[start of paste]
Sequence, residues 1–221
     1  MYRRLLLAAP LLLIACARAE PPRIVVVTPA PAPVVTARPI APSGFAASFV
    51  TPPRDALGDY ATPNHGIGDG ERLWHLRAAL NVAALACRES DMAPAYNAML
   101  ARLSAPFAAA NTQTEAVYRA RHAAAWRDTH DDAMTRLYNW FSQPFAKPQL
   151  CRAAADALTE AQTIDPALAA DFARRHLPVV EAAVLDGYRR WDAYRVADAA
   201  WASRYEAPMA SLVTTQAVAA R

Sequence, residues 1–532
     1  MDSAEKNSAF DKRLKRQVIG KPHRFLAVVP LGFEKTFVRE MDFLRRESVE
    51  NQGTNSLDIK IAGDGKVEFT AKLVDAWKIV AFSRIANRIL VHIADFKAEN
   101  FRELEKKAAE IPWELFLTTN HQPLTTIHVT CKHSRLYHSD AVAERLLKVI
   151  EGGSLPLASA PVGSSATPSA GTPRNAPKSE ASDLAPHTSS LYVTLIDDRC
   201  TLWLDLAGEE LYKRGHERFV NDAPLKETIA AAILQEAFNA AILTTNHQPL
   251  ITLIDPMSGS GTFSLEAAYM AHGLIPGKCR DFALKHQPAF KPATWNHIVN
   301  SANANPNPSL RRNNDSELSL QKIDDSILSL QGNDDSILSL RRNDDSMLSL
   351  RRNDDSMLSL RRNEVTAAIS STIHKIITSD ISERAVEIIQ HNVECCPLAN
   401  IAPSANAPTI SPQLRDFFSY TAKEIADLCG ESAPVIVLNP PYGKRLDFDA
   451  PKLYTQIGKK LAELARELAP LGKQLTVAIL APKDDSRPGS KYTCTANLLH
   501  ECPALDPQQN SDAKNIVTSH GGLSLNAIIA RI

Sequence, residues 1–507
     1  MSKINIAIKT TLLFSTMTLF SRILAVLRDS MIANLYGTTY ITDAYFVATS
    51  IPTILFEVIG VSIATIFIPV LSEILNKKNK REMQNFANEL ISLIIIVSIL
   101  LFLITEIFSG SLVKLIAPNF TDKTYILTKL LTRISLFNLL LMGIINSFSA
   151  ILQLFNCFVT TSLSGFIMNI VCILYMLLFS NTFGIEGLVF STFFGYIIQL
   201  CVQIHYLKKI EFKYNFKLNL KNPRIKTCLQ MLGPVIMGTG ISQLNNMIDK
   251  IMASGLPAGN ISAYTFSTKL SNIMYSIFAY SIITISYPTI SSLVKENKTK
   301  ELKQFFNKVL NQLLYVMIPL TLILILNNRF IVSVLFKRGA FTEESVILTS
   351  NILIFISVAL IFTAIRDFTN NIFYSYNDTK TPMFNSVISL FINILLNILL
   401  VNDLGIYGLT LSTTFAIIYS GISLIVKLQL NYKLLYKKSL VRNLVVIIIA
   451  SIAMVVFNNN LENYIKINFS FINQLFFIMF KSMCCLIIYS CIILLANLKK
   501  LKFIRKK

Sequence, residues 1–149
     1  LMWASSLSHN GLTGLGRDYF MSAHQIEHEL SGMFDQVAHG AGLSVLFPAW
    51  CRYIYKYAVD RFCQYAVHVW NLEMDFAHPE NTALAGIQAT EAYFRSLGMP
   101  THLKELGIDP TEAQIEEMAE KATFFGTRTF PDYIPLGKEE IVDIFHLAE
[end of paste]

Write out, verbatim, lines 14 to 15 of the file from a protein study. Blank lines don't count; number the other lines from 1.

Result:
   301  SANANPNPSL RRNNDSELSL QKIDDSILSL QGNDDSILSL RRNDDSMLSL
   351  RRNDDSMLSL RRNEVTAAIS STIHKIITSD ISERAVEIIQ HNVECCPLAN